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Bentley Mulsanne sports saloon review

All-new Arnage super saloon replacement revitalises the flagship Bentley formula

Evo rating
Price
from £220,000
  • Drives like a modern Bentley should
  • Shame it doesn't look like one too

'We wanted to build a heavy car,’ Bentley chairman Dr Franz-Josef Paefgen admits as we drive through the Scottish Borders in the new, 2.6-ton Bentley Mulsanne. ‘Our customers like the feel this weight gives to a car, it’s what makes it a Bentley,’ he continues, adding that the only target he gave the development engineers was not to exceed the kerb weight of the outgoing Arnage.

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I’m amazed. Is this really 2010, the year when all other manufacturers are in a tailspin trying to shed as much weight from their cars as possible? The new Mulsanne is a colossal car, measuring well over 18ft long, 5ft tall and 6ft wide, with enough interior room for a long wheelbase version to have been deemed unnecessary. But while it may look like it’s hewn from granite, the Mulsanne is in fact constructed from a mix of aluminium (bonnet, front wings and doors) and composite (boot lid), bolted to a brand-new steel bodyshell unique to a Bentley saloon – the first time this has been true in nearly 80 years.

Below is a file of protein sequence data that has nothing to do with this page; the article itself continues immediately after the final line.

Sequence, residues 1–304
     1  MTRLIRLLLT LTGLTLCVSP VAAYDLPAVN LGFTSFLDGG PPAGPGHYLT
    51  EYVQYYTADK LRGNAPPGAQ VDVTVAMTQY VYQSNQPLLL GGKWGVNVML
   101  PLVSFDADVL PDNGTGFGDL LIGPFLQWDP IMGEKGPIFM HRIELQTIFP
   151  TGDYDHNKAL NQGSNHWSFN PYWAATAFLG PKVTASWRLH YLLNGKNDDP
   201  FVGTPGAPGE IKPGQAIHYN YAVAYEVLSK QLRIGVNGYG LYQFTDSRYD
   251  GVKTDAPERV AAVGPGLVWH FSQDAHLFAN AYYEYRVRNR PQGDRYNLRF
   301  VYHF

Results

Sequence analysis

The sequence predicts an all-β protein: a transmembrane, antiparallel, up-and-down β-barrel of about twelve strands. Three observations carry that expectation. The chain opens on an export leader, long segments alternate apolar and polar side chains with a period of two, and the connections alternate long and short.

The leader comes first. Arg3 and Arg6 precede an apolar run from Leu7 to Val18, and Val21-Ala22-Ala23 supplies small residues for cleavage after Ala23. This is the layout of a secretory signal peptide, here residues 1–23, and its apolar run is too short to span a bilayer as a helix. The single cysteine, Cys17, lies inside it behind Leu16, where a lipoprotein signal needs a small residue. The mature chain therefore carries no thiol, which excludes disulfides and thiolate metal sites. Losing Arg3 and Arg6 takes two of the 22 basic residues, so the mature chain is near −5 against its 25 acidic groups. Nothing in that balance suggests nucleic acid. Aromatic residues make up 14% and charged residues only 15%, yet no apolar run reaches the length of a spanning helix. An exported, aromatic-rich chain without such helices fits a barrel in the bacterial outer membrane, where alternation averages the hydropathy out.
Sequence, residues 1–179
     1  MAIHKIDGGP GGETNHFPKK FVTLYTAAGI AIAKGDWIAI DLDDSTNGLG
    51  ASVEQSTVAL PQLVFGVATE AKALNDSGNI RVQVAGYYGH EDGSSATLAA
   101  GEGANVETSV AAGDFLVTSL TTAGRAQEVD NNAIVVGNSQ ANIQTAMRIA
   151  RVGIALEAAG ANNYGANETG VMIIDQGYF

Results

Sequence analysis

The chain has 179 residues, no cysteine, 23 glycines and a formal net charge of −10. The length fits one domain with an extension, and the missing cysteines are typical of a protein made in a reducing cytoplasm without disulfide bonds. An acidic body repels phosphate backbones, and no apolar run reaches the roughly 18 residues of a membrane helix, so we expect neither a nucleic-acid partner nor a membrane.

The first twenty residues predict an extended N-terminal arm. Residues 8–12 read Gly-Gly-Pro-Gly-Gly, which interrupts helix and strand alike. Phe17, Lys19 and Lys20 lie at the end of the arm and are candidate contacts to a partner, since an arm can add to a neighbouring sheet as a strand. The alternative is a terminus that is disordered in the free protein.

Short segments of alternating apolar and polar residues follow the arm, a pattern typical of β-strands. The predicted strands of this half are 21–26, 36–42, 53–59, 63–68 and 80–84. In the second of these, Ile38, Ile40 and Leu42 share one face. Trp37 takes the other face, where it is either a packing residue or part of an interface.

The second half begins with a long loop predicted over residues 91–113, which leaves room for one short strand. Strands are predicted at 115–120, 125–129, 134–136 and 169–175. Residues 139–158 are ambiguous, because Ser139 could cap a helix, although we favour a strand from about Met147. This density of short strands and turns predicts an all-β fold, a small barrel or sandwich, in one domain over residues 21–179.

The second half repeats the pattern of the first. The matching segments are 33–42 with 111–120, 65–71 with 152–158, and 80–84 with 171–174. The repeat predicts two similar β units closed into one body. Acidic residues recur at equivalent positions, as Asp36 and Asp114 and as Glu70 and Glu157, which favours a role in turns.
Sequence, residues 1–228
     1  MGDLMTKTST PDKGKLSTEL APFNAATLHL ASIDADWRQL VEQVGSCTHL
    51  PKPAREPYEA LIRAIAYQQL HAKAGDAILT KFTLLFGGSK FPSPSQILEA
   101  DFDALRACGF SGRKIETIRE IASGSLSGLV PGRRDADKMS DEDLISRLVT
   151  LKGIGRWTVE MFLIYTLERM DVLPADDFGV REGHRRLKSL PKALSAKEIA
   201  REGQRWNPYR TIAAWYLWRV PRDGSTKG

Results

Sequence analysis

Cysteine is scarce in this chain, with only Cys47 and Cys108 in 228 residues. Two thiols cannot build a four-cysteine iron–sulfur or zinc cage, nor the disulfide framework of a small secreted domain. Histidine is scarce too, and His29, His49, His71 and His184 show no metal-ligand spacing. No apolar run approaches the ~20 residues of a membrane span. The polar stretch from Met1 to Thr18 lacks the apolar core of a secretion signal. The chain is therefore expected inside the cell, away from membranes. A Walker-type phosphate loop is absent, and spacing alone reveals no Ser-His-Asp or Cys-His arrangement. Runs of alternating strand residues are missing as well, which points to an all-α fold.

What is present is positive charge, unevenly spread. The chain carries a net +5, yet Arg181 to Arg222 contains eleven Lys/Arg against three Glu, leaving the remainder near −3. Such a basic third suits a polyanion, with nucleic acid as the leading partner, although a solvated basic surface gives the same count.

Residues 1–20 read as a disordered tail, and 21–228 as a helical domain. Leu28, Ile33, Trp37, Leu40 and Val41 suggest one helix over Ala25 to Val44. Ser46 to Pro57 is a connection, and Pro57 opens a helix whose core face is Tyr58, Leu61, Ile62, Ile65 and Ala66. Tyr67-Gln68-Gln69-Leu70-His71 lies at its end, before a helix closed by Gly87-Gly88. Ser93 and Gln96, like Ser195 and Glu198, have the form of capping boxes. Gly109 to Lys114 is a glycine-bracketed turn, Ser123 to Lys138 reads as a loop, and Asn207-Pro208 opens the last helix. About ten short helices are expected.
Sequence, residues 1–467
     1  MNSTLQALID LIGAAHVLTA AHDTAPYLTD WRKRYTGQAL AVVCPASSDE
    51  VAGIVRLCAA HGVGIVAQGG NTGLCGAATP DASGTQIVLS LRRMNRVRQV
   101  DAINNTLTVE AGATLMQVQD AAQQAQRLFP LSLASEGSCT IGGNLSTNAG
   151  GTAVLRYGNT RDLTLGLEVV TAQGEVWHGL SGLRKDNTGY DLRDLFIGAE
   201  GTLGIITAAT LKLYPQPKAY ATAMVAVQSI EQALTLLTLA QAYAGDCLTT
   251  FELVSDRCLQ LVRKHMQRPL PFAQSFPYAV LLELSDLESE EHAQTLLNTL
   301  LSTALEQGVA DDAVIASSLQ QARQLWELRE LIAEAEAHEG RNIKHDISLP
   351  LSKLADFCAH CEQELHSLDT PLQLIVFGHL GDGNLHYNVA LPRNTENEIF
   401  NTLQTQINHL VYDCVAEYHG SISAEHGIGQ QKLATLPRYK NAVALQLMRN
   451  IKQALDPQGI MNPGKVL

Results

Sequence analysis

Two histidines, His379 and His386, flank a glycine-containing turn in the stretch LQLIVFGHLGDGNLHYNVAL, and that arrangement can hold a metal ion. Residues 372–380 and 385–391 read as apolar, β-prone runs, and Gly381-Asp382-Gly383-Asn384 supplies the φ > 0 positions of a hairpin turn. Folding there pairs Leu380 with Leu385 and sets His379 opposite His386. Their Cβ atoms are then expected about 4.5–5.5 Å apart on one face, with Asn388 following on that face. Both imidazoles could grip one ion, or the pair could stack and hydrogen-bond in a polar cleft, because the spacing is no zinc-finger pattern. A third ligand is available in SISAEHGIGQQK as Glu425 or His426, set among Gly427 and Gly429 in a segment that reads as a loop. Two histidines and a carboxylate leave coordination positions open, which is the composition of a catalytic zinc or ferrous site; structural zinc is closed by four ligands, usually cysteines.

Inside, the interior is all new and beautifully put together, with more examples of definitive workmanship than in any other car I can think of. Whether you’re up front or in the luxurious rear, you can’t help but be seduced by the wonderful, luxurious ambiance.

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Under the vast bonnet is the same 6.75-litre, twin-turbo V8 that Bentley has been using for what seems like centuries, but brought up to date with adjustable cam phasing and so-called ‘variable displacement’, where two cylinders from each bank can be shut off when not needed, thus reducing fuel consumption. The claimed outputs are nothing short of shocking: 505bhp at just 4200rpm and 752lb ft of torque peaking at a barely believable 1750 revs. And it’s this low-down torque that makes driving the Mulsanne such a different experience to anything else. Thanks to a new eight-speed ZF automatic gearbox, you can constantly tap into this massive torque reserve – 1500rpm in eighth equates to 70mph – banishing engine noise almost completely when trundling.

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The surprise comes when you dive a little deeper into the ocean of power, as only then does the Mulsanne demonstrate just how far it has moved the game on from the Arnage. Everything feels more taut, be it steering response, brakes, the imperceptible gearchanges or the handling – all have been sharpened to a point where the car disguises its obvious bulk beautifully. Roll is cleverly kept in check by active dampers that stiffen the outside wheels’ responses through corners, at the same time softening those of the inside wheels. But flinging this car through corners hardly seems appropriate, as it’s effortless travel that is the trademark of this new Mulsanne.

I do worry about this car, though. I wonder how many people will realise that it is an all-new Bentley. It reminds me of the previous-generation Jaguar XJ, which suffered terribly from being a new car in a body made to look too much like the previous model. Will the Mulsanne suffer the same fate? Let’s hope not, because as those who try it will discover, this is a proper Bentley brought bang up to date.

Specifications

EngineV8, 6752cc, twin-turbo
Max power505bhp @ 4200rpm
Max torque752lb ft @ 1750rpm
0-605.1sec (claimed)
Top speed184mph (claimed)
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